Testimonies indicate relocations slated for next month would be involuntary
(BANGKOK, October 25, 2019)—The Government of Bangladesh should immediately halt plans to relocate Rohingya refugees from camps in Cox’s Bazar to Bhasan Char, an isolated and flood-prone island in the Bay of Bengal, Fortify Rights said today. On October 20, Bangladeshi officials announced plans to begin relocating refugees in early November.
Fortify Rights interviewed 14 Rohingya from three different refugee camps in Bangladesh, including Rohingya identified on lists of people slated for imminent relocation to Bhasan Char. None of those on the lists for relocation interviewed by Fortify Rights had been consulted about the plan and all opposed it.
“The island is not a sustainable solution for refugees and no one knows that better than the Rohingya themselves,” said Matthew Smith, Chief Executive Officer at Fortify Rights. “Threats of forced relocation cause unnecessary harm to refugee families already struggling to survive. Bangladesh authorities should engage in meaningful consultations with Rohingya and identify options to ensure rights and protection.”
On October 20, the Refugee Relief and Repatriation Commissioner (RRRC) Mahbub Alam Talukder told Reuters that officials in the camps are “compiling the lists of the refugees who are willing to move [to Bhasan Char].”
The Disaster Management and Relief Minister Dr. Md. Enamur Rahman, who oversees the RRRC, confirmed support for the plan, telling media outlets on October 21, “If everything goes as planned, by the first week of November we will start relocating the first batch of the 350 families.”
Last week, Camp-in-Charge (CiC) officials, operating under the authority of the RRRC to oversee the administration of the Rohingya refugee camps in Cox’s Bazar District, called on unelected Rohingya camp leaders, known as Majhi, to identify Rohingya refugee families to participate in the relocation process.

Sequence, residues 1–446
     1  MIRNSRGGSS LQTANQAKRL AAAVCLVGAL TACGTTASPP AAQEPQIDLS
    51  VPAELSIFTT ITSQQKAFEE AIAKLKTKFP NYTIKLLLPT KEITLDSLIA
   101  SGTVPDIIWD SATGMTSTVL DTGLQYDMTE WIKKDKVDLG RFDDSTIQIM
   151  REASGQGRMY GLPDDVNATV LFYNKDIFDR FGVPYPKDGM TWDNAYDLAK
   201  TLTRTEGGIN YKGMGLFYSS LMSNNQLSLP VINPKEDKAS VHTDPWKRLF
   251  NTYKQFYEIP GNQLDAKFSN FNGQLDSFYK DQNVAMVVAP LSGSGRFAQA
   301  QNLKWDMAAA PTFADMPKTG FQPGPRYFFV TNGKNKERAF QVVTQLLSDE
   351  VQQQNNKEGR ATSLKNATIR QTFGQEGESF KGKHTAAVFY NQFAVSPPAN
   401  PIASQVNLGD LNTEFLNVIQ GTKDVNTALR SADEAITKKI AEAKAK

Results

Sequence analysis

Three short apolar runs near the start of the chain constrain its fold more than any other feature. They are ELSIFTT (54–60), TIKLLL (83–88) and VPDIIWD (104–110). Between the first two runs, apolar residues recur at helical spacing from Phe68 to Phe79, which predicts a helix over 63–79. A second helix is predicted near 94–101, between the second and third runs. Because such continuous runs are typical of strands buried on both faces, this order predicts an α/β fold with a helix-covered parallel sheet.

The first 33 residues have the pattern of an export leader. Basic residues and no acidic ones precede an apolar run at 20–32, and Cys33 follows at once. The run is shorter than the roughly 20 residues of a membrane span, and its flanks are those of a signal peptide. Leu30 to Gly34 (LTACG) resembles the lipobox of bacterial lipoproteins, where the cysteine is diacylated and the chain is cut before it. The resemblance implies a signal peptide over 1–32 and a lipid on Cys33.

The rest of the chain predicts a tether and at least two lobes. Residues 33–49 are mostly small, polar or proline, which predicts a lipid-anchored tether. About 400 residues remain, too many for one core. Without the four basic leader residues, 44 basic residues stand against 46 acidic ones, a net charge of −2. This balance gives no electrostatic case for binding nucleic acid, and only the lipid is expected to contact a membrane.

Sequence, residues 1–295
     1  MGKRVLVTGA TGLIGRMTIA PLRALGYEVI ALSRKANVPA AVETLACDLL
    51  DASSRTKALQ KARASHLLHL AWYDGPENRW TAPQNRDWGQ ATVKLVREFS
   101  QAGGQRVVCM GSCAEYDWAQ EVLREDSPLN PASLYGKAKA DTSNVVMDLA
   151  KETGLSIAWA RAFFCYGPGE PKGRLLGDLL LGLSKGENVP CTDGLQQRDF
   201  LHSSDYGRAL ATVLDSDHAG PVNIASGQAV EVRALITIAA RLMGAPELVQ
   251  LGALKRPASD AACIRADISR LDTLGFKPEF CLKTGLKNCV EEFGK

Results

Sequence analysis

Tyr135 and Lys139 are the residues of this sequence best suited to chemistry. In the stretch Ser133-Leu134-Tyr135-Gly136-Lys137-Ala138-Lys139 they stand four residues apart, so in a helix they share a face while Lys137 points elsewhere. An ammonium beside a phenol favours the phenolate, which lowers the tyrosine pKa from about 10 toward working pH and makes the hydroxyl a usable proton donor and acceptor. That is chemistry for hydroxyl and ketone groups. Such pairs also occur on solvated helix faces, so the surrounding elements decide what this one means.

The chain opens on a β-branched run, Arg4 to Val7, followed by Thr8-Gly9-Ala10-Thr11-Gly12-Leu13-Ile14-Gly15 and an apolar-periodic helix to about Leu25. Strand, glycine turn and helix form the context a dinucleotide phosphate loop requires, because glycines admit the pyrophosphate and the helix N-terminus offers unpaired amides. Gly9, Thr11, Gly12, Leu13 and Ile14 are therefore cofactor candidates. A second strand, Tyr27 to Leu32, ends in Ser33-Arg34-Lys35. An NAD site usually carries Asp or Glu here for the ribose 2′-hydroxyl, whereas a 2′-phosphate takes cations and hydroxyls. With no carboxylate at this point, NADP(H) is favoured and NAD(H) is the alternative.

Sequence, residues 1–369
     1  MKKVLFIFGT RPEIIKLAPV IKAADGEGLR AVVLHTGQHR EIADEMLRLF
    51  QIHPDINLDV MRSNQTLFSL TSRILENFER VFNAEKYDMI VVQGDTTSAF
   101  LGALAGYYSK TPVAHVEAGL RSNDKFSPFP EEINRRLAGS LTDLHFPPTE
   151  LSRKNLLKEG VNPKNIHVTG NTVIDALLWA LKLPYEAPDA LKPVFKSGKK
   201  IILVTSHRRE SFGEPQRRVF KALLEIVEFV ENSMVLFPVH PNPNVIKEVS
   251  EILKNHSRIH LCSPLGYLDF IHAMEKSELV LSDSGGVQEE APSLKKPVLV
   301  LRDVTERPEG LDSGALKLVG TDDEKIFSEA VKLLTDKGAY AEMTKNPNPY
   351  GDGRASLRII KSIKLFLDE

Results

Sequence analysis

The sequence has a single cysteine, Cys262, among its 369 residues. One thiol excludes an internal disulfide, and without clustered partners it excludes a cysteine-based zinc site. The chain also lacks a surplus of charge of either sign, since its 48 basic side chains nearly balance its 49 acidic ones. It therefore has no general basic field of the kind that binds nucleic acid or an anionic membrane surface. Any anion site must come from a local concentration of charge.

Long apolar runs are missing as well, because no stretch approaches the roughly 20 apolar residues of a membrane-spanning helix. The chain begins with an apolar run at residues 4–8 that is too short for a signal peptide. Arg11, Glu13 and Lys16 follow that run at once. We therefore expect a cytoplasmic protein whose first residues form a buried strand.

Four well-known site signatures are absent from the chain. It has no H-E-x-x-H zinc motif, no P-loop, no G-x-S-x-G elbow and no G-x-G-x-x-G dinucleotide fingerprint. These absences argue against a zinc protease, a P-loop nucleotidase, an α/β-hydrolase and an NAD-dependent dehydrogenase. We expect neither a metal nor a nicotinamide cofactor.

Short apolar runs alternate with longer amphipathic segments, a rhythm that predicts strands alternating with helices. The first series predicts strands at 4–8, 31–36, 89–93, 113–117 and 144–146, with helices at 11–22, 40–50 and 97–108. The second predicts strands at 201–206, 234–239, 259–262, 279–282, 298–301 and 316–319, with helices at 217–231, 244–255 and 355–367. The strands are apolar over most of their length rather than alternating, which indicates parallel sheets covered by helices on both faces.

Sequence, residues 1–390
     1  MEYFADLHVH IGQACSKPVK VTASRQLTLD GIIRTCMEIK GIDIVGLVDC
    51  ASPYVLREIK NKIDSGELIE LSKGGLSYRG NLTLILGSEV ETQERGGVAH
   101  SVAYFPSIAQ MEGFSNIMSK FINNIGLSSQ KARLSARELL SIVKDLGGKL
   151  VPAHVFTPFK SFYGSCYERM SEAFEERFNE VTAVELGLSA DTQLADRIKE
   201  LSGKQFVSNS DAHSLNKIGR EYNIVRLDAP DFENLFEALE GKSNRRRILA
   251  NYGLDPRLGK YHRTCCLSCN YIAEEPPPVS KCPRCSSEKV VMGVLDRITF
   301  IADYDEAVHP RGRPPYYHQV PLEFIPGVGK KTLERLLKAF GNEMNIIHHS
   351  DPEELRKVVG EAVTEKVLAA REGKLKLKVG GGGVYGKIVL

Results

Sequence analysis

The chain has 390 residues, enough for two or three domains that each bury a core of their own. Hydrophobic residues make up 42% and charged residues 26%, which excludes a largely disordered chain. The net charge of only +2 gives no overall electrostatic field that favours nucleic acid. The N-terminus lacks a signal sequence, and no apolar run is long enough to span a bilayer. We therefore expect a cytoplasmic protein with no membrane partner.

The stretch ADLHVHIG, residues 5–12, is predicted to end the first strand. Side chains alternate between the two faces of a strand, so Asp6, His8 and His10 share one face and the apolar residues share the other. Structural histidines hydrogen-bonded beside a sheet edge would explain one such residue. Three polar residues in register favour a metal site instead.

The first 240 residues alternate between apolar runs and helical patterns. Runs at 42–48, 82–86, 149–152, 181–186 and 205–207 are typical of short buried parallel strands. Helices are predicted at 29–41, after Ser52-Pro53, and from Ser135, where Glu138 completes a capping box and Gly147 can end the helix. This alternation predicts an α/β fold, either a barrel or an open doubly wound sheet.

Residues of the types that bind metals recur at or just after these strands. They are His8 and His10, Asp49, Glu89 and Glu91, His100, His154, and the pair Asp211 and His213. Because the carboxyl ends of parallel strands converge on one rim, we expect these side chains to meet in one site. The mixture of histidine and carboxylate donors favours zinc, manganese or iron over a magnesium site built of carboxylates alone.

Explaining the process, a Rohingya aid worker in the refugee camps told Fortify Rights, “The Majhi are being pressured to make the list for the CiC . . . It’s not a voluntary process from what we see here.”
Fortify Rights obtained a copy of a list prepared by the CiC and Majhis, which identified more than 70 Rohingya families to be relocated to Bhasan Char. A 25-year-old Rohingya woman on the list told Fortify Rights: “If the Bangladesh government forces me to go to the island, I will commit suicide by drinking poison here in the camp. I will not go there . . . No one told me I was on the list.”
Fortify Rights interviewed 14 Rohingya from three different camps, including four women, two Majhis, and a Rohingya aid worker, about the government’s plans to relocate Rohingya refugees to Bhasan Char and the recent exercise in camps to identify Rohingya families to relocate. None of the refugees interviewed who were named on the list had been consulted about the process or agreed to be included on the list, and none were willing to move to the island.
“I think it is our Majhi who put me on the list,” a 50-year-old Rohingya man told Fortify Rights. He continued:
“I feel very bad to hear that I am listed for [relocation to] the island. It was on Friday [October 18] when I heard for the first time that I was listed. I feel sad. I have trouble eating now, and I am fearful . . . [Majhis] are telling people in camps to move to the Bhasan Char island . . . I never want to move to the island.”
Upon learning that his family was listed for relocation to Bashan Char, another Rohingya man originally from Maungdaw Township in Myanmar’s Rakhine State told Fortify Rights: “I wanted to cry loudly. One of the Majhis came to us and checked our ID cards, and there my ID number matched with the name listed. He took us aside and told us we must to go the island.”
A 35-year-old Rohingya woman originally from Rathedaung Township in Myanmar told Fortify Rights that a Majhi informed her that she was on the list for relocation to Bhasan Char island. She said:
“[The Majhi] told me that I am listed for [relocation to] Bhasan Char island, that I need to go there. Hearing him, I was very upset. We are afraid of living near the water. People say that it takes four hours by boat to reach the island . . . I will never go to the island. I do not have the will to go there. Even if they force me to go there, I will not go.”